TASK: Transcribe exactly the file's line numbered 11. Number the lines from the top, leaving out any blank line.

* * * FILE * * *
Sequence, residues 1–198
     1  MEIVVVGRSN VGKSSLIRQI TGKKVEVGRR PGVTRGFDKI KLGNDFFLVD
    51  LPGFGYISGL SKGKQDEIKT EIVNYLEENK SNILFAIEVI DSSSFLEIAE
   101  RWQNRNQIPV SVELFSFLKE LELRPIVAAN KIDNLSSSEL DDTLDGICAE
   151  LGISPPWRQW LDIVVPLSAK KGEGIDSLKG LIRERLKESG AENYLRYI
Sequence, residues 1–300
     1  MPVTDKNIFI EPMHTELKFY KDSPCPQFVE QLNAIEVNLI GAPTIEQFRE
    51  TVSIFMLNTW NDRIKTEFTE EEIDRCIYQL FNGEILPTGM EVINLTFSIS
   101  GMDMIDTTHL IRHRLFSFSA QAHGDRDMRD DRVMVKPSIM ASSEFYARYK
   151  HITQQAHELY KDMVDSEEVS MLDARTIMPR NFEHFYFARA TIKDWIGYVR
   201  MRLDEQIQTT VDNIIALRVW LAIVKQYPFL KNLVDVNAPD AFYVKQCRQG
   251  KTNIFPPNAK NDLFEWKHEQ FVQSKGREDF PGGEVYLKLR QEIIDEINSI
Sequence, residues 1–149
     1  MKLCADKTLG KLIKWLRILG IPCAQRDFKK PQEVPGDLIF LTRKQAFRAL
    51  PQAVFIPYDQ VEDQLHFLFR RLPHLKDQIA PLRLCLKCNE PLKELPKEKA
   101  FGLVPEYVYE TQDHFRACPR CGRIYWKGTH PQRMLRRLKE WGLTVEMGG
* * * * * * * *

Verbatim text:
   201  MRLDEQIQTT VDNIIALRVW LAIVKQYPFL KNLVDVNAPD AFYVKQCRQG